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Spiced Pumpkin Pie with Meringue Topping

Serves: Makes 1 (10-inch) regular pie or 1 (9-inch) deep-dish pie


  • 1 recipe Perfect Pie Crust Click for recipe
  • 3 large eggs
  • 1½ teaspoons ground cinnamon
  • ¾ teaspoon ground ginger
  • ¼ teaspoon grated whole nutmeg (about 20 grates on a whole nutmeg)
  • ¼ teaspoon ground cloves
  • ¼ teaspoon ground allspice
  • ⅛ teaspoon salt
  • 1½ cups heavy whipping cream
  • ½ cup firmly packed light brown sugar
  • ¼ cup granulated sugar
  • 2 cups (16 ounces) canned pumpkin puree (not pumpkin pie filling)
  • Whipped cream, for serving

  • Meringue:
  • 4 large egg whites
  • 10 tablespoons granulated sugar


Thanksgiving just may be everyone’s favorite holiday. After all, what’s better than a day completely devoted to a delicious feast shared by family and friends, all giving thanks for their blessings? This recipe takes an American classic to celebration status with a careful blend of spices and heavy cream, outshining the stale spice mix and evaporated milk of less enchanting recipes. Ever notice how spices clump up and don’t blend well when added to a custard? The trick is to blend them first with the eggs, whose fat helps the clumps disperse evenly, before adding any liquid to the custard mixture.

<>b>To prepare the pie crust: remove the dough from the refrigerator about 15 minutes before you are ready to roll it to allow it to soften slightly. Generously flour a work surface and place chilled dough disk on the flour. Dust the top of the dough with flour. Using a rolling pin, roll chilled dough into a circle, turning and flipping the dough as needed with a bench scraper to prevent sticking, until the circle measures 14 inches wide and ⅛ inch thick. Starting at one edge, roll the dough around the rolling pin and lay it gently on top of a 9-inch glass or ceramic pie pan. Gently press the dough into the bottom and sides of the pan. Use a pair of kitchen scissors to trim the dough so it overhangs the edge of the pan by 1 inch. Fold the overhanging dough under itself around the pan edge, then crimp or form a decorative border. Chill the lined pan for at least 30 minutes.

Preheat oven to 375°F and place a rack in the bottom third.

Prepare the pie for blind baking: line the chilled pie shell with heavy-duty foil, pressing the foil firmly and smoothly into the crevices of the pan. Fill the pan with pie weights. Make sure the weights reach up the sides to the rim of the pan (the center does not need to be filled quite as full). Bake the shell for 20 to 22 minutes, until the foil comes away from the dough easily (if it doesn’t, then bake another 5 to 6 minutes and check again). Remove the pan from the oven, close the oven door, and lift out the foil and weights from the shell; set them aside to cool. Return the pan to the oven to continue baking the shell for about 10 minutes, then remove the pan from the oven, close the oven door, and check to see if any cracks have formed. If you see a crack, very gently smear a tiny bit of reserved dough over the crack to patch it—you need only enough to seal the opening. Return the pan to the oven and bake 10 to 15 minutes longer, until the crust is a nice golden brown all over. Transfer to a rack and cool slightly. Lower the oven temperature to 350 degrees.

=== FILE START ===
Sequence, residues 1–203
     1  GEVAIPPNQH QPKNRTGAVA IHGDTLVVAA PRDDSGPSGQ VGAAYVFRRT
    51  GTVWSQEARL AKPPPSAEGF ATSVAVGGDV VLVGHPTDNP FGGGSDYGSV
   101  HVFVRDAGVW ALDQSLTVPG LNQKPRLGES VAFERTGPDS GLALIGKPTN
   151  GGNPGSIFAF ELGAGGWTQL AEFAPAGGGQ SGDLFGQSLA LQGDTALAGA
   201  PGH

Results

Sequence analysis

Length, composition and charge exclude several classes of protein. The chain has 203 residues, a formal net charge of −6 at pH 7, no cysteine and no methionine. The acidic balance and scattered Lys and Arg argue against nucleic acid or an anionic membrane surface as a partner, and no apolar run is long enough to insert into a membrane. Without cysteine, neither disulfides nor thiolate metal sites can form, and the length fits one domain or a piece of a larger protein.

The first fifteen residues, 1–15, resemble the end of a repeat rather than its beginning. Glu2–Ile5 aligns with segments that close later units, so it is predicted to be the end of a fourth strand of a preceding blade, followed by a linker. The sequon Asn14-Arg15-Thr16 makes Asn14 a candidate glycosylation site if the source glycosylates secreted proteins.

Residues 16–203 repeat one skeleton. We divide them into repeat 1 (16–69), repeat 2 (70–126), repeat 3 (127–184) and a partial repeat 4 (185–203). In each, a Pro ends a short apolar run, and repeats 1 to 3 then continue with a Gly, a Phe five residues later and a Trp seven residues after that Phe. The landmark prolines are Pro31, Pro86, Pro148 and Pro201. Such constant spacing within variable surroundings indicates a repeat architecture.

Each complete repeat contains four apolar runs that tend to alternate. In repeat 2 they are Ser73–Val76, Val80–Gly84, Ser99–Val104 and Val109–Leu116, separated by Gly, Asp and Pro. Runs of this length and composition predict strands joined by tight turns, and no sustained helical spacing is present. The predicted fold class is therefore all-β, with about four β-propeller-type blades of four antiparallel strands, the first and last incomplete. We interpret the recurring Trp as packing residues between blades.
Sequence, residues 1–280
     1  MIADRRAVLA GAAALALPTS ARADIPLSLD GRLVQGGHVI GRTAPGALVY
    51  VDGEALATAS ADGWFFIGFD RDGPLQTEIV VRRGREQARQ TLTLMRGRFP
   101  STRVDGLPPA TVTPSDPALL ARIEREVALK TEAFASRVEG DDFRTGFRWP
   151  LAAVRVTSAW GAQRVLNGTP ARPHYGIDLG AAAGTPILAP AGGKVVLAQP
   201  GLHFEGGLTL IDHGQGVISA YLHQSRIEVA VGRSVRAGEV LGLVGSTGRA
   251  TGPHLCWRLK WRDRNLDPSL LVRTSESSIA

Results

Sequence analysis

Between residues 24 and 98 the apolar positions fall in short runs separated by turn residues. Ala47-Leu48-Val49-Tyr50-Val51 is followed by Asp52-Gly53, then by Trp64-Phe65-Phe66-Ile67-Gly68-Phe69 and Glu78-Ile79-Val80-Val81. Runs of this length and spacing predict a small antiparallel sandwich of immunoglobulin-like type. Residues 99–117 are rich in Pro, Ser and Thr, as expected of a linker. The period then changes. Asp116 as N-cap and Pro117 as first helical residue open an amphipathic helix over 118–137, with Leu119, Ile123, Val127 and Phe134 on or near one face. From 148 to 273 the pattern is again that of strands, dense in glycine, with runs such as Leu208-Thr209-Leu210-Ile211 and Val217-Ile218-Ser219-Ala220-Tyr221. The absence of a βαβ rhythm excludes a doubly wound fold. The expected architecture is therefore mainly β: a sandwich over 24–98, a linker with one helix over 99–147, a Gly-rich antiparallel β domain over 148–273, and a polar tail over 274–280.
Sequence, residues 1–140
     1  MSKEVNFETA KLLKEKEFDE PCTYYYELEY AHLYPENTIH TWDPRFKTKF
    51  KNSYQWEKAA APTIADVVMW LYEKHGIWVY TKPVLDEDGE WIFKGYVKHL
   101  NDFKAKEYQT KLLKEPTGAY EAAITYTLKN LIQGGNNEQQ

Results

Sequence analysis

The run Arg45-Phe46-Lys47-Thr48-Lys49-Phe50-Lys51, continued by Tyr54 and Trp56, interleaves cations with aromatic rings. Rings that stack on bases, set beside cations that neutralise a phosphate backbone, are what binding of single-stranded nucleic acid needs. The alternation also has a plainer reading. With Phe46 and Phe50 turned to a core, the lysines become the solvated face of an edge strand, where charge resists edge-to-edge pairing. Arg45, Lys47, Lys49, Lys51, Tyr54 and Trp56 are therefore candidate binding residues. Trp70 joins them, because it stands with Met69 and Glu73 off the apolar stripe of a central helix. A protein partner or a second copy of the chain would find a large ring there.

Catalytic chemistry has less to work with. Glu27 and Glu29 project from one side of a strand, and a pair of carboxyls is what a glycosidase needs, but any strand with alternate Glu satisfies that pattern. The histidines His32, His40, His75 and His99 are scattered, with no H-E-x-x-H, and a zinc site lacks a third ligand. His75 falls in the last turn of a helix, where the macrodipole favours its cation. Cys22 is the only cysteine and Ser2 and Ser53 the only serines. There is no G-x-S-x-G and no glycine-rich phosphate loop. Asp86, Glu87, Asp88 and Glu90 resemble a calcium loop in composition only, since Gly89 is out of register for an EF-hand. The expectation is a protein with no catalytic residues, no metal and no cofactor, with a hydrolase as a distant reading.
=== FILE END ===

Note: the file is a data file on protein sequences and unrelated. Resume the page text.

While the pie crust is baking, make the filling: whisk the eggs in a large mixing bowl to break them up. Add cinnamon, ginger, nutmeg, cloves, allspice and salt and whisk well to blend evenly. Whisk in the cream, brown sugar, granulated sugar and pumpkin and blend well. Strain the mixture through a fine-mesh strainer directly into the tart shell and bake until the custard is set, about 30 to 40 minutes. Test by tapping the side of the pie pan—the center of the pie should look firm and move as one piece. Transfer the pie to a rack and cool completely, about 2 hours.

Make the meringue: bring an inch of water to a boil in the bottom of the double boiler. Place the egg whites and sugar in the top of the double boiler off the heat. Set on top of the simmering water and whisk constantly (not vigorously, just enough to keep the whites moving) for 4 to 5 minutes, until the egg whites are hot to the touch and the mixture reaches 160-degrees on an instant read thermometer (the mixture should look frothy, but not whipped). Remove the whites from the heat each time you test their temperature. When they are on the heat, keep whisking to prevent scrambling. If that happens, there is no recourse and you will have to begin again, so watch carefully.

Transfer the hot egg whites to the bowl of the stand mixer. You can also use a hand mixer and a medium bowl. Whip on high speed until the whites have cooled to room temperature, increased in volume and resemble marshmallow fluff. Spoon the meringue into the pastry bag. Pipe the meringue into the pie shell, starting at the outside circling inward, then upward, covering the entire surface.

Place the pie on a baking sheet and make sure that nothing nearby might catch fire. Using a chef’s torch, ignite your torch and lightly glaze the meringue with the tip of the flame, rotating the baking sheet to toast all the sides. The meringue will brown instantly so move quickly; don’t hold the flame in one place for long. Serve immediately or refrigerate until serving time.

To serve: slice the pie with a thin and sharp knife and use a pie server to transfer each slice to a plate. Serve with whipped cream.

Recipe developed for Sur La Table’s Cooking Classes

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